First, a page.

I started with my iPhone 4 back in 2011. I was living in Spokane, Washington studying biblical studies in college. Instagram had just come out, but It was only available on iOS, so I sold my Samsung, purchased an iPhone, and downloaded the app. What started as a hobby, taking photos of landscapes and the random moments of life, would soon become more than just a hobby. I started gaining followers on Instagram, and it happened rather quickly. One thing led to another, and I was able to land a job at VSCO out of college as an online curator. I moved to Colorado and bought my first digital camera, the Canon 5D Mark II, and a 50mm lens.
Film photography would follow after, and you can thank my wife Maddie for that. She gifted me my first film camera, the Canon AE1, on our wedding day after an offhand comment I made about how I wanted to get into film when we were engaged. Ultimately, she is to blame for me getting into analog photography. It’s crazy, but who knows how the last seven years would have turned out if she hadn’t. Shooting film was a steep learning curve for me. I almost gave up.
"Shooting film was a steep learning curve for me. I almost gave up."
Where did you learn the skills to become a professional photographer?
It was very gradual. I was working a full-time job at VSCO when, in 2015, I was offered a position as a creative director for a church in Oregon. I was excited [that] this fused my two passions: God and photography. I jumped on the offer and moved out. During those two years, I would get random photo gigs on the side. Thankfully my boss at the church allowed me to take them. I would shoot tourism, automotive, and clothing campaigns, anything I could get. I was just ecstatic to be getting paid for my work.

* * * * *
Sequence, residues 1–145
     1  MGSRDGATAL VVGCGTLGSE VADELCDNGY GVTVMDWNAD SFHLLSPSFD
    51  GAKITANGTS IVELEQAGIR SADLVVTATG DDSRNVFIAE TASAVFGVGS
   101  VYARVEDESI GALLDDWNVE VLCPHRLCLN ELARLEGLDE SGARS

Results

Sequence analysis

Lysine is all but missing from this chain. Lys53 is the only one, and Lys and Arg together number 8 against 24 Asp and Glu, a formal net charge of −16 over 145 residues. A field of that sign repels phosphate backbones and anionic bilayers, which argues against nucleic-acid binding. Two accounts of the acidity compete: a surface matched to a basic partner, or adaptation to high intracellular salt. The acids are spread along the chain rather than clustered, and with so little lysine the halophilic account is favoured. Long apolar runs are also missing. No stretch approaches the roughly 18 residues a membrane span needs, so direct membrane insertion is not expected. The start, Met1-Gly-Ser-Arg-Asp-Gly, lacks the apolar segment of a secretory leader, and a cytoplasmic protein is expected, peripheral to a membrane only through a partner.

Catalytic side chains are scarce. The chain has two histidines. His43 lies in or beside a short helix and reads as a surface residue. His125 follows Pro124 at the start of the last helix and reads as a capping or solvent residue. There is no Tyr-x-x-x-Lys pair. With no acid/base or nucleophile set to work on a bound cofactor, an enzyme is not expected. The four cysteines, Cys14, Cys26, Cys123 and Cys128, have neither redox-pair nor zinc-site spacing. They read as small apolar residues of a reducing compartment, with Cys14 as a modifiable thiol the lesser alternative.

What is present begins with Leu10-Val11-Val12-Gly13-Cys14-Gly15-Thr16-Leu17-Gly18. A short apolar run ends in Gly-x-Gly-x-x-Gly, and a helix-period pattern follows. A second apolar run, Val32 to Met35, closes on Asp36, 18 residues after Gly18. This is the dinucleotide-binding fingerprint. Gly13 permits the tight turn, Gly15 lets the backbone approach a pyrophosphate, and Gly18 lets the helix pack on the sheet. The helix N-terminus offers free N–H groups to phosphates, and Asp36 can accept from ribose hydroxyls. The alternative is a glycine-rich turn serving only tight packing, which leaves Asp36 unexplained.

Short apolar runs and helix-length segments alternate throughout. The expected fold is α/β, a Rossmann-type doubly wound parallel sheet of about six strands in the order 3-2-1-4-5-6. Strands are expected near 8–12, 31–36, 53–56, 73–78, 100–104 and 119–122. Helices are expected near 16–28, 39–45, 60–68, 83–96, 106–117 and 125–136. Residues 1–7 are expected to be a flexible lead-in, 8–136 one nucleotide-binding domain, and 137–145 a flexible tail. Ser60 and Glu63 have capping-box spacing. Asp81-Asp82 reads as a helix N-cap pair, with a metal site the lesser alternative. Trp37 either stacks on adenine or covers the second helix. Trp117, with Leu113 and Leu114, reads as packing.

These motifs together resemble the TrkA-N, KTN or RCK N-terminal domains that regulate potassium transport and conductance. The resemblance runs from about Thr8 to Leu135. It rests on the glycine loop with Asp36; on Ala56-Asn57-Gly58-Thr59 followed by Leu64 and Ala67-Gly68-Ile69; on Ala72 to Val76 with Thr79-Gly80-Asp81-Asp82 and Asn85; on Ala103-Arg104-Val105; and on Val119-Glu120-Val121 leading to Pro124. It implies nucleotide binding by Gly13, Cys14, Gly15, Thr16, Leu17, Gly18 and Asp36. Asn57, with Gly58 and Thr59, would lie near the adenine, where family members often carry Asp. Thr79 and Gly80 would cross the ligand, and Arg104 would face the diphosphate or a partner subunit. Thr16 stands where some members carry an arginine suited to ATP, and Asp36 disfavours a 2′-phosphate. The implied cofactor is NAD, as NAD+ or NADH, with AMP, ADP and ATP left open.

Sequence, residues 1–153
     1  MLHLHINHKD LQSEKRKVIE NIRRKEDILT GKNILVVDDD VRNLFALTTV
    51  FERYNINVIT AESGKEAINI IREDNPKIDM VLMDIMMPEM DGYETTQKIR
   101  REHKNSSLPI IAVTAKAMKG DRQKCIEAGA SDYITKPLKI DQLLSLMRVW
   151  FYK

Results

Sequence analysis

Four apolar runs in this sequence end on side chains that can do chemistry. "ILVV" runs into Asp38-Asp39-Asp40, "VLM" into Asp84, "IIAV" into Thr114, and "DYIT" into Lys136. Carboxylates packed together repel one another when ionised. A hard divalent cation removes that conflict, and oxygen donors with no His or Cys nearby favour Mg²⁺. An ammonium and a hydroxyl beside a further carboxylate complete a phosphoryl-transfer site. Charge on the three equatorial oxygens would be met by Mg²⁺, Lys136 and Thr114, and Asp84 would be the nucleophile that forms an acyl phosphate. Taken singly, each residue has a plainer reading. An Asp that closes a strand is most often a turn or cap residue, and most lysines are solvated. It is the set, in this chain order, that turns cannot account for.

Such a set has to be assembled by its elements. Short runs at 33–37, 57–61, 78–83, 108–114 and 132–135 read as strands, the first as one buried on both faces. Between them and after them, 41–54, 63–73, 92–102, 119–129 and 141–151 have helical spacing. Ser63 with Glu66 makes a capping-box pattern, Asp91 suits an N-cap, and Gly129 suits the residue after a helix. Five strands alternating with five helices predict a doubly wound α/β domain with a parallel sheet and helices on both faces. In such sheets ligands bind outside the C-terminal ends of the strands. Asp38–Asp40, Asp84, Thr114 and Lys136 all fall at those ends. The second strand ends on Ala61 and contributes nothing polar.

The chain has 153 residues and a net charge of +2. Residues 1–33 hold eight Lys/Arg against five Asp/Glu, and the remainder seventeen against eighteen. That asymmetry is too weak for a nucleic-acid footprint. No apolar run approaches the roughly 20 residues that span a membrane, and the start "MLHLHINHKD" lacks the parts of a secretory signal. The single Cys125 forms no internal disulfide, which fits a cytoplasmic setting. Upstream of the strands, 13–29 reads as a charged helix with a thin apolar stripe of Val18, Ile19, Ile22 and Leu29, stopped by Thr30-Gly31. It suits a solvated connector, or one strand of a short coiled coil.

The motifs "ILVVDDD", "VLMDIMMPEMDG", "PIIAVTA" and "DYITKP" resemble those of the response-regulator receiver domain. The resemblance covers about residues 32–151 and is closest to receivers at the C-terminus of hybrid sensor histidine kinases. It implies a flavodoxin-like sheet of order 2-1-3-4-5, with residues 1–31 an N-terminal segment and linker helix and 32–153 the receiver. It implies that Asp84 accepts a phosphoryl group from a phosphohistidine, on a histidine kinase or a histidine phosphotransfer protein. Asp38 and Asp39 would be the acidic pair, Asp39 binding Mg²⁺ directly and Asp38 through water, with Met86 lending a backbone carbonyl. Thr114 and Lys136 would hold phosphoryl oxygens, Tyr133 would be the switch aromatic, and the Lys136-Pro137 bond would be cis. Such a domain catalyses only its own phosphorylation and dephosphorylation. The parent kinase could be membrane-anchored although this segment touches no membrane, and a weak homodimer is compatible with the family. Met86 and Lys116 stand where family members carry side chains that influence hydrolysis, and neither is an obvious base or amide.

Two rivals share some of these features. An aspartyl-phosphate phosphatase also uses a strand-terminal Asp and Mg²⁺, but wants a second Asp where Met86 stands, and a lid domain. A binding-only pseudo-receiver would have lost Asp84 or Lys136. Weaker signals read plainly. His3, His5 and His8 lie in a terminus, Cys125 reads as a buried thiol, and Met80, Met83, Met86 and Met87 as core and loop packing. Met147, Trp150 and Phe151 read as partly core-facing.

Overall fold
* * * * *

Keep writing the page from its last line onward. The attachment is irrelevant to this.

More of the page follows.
Then, in 2016, a few weeks before Christmas, I was unexpectedly let go from my position as creative director. This sudden loss forced me to go full-time into photography. It was always a dream to go freelance, but this forced my hand to step into that, and it was a tough transition. I had no work for six months. I questioned everything, and I wasn’t sure what to do. Maddie and I ended up moving to New York, and that’s where things truly started to grow for me.
What are some techniques that you used to find your style?
I have been photographing, curating, and editing for 11 years now, and I think it’s ingrained in my mind. I don’t think about it anymore. I was aware of this when I started, but now I know how certain film stocks work under different settings, and I’ve found my rhythm. I shoot photographs purely based on color, while the moments unfolding in a scene draw me in compositionally.
How did The Lay of the Land come about?